In a recent blog post, I eluded to having dysfunctional hips. Poor running form, extended periods of sitting at work, pelvis misalignment, and really bad stretching habits has led to a history of hip tendonitis, iliopsoas hip snapping, and piriformis syndrome.
The worst part is that I have only myself to blame. It doesn’t take a rocket scientist to gather that general inflexibility creates a whole slew of problems throughout the kinetic chain, particularly for runners.
So, in conjunction with tapping into some professional services (i.e chiropractic adjustments and physical therapy), below are ten stretches I’ve added to my life; they’re perfect for any runner’s playbook. Keep in mind that dysfunction has a domino effect, so skipping muscle groups is ill-advised!
If you experience knee pain or pressure performing any of the below stretches, STOP!! While some knee pain can be resolved through loosening the muscles that attach at the knee (calves, quads, hamstrings), too much pressure while stretching can cause injury. Use your judgement, and consult your doctor if necessary.
10 STRETCHES IN 10 MINUTES
Hold each stretch 30 seconds per side. It takes a full 30 seconds for complete release.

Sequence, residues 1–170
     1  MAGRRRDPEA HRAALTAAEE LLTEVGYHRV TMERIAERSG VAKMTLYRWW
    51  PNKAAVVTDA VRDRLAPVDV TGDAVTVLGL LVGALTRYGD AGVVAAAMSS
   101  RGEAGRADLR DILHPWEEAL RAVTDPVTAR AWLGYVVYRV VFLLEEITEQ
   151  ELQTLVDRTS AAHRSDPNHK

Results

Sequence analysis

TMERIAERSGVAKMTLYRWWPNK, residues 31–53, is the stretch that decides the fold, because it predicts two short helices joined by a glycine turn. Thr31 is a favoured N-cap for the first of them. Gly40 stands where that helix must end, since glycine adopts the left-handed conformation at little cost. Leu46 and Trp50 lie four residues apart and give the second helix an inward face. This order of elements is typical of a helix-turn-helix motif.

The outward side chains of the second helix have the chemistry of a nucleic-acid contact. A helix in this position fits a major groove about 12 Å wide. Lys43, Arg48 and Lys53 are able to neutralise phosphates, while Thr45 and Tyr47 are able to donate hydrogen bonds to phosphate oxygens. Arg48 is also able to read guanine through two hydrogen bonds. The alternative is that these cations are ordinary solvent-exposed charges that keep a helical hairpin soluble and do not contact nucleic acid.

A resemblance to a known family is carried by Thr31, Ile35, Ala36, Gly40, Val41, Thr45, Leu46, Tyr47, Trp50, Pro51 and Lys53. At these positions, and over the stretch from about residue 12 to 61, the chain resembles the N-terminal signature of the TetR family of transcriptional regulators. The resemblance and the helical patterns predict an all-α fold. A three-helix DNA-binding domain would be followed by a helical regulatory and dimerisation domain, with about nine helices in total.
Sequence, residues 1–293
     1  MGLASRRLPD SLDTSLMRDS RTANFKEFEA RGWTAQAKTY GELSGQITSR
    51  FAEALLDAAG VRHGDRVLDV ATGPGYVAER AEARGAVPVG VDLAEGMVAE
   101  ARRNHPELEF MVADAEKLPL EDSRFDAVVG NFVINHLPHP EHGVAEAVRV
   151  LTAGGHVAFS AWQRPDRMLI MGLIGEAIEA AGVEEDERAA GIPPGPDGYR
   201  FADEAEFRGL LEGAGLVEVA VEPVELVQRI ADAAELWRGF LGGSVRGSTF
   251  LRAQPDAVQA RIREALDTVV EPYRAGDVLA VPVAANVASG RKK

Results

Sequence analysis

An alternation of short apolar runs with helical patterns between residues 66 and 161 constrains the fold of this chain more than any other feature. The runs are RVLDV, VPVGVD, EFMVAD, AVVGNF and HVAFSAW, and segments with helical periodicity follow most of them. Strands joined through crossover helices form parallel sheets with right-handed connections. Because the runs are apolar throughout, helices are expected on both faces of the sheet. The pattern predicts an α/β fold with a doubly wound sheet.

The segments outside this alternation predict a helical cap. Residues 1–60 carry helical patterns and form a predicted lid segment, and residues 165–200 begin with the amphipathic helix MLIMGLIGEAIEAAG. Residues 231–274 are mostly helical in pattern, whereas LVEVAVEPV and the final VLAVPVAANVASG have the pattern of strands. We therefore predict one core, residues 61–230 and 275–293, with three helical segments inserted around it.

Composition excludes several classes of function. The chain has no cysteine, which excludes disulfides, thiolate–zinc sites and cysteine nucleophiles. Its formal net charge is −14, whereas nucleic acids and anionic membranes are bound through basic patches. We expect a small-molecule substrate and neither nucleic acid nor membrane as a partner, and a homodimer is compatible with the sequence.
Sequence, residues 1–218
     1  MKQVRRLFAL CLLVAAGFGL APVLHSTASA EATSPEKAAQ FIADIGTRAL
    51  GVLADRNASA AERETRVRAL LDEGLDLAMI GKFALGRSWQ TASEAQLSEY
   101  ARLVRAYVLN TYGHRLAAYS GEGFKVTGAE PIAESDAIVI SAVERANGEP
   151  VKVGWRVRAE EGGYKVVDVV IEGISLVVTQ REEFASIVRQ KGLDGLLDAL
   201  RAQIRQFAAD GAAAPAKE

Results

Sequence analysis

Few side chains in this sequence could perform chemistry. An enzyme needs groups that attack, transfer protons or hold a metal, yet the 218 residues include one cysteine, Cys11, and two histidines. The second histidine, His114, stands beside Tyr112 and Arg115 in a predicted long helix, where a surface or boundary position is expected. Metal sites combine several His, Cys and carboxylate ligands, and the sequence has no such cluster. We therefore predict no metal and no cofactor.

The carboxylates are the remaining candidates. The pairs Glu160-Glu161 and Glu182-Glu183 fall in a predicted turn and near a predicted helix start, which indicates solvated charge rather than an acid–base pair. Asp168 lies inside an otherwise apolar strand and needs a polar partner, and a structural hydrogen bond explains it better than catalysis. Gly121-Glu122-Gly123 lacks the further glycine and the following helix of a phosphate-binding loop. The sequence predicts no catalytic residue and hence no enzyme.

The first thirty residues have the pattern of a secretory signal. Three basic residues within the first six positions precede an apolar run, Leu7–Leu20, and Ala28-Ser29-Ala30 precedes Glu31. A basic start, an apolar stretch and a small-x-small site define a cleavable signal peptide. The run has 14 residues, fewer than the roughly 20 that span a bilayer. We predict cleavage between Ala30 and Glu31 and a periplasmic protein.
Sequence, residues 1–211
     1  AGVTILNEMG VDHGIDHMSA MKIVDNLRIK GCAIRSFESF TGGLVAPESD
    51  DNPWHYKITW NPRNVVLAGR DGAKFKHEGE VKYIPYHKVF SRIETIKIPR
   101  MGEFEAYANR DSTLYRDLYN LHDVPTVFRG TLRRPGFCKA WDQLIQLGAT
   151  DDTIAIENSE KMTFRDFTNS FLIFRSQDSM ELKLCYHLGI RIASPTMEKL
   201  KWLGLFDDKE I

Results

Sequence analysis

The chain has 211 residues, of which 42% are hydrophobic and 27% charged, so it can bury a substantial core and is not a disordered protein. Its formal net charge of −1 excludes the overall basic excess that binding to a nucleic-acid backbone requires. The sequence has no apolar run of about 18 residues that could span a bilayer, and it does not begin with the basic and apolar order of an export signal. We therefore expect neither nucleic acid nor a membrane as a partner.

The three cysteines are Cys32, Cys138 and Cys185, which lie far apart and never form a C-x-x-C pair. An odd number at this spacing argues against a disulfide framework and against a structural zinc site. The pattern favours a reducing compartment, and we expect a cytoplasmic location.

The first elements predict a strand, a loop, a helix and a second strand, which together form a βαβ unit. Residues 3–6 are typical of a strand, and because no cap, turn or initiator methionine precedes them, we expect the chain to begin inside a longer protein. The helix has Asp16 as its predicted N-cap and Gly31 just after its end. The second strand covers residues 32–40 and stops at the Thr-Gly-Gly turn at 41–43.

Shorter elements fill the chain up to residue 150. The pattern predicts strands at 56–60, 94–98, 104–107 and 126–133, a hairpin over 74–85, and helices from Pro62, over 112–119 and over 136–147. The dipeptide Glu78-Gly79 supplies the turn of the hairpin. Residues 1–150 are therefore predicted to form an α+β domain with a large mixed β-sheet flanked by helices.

1. Quadricep Stretch: This one you’ve probably done a million times and for good reason. It’s a keeper. Stand with both feed facing forward. Grab the top of one of your feet with the arm on the same side (i.e. left arm, left leg). Maintain as square and upright as possible. If you are leaning excessively or cannot find your balance, use a wall for support.
2. Triangle Hamstring Stretch: There are tons of ways to stretch your hammy’s, but this one works best for me. I find it stretches much deeper than the seated hamstring stretch, and the split stance helps protect your low back. Stand in a split stance with both feet facing forward. Lean over the front leg, and shift your weight slightly behind you. For more intensity, lift your front toes off the ground and sink even deeper into the stretch.
3. Gastrocnemius Stretch: Your calves are made up of upper and lower muscles and tendons. The upper muscle is called the gastrocnemius.
The upper and lower muscles along with the Achilles tendon are runners’ spring boards, so give them some serious love. Find a solid support – could be a wall, but I used the couch. With a split stance and forward facing hips and feet, lean forward, keeping your back leg straight. You should feel this stretch in your upper calf.
4. Soleus/Achilles Stretch: The lower calf muscle is the soleus and is in the same general area as the Achilles tendon. Tight lower leg muscles and tendons are one of the leading causes of plantar faciitis which you definitely don’t want, so keep ’em limber! From the above position, shift back, straightening your forward leg and bending the back leg at the knee while keeping the back foot planted on the ground. You should feel this one deep in the lower achilles and heel.
5. Adductor (Inner Thigh) Stretch: Whenever I hear “adductors” I always think of the famous Thigh Master. Hehe. After using a thigh master or going for a run, it’s important to stretch your inner thighs. Tight or overactive adductors can lead to muscle imbalance (i.e. weak ABductors – the outter thigh muscles – and a weak glute.) Unfortunately, weak glutes almost always lead to hip problems.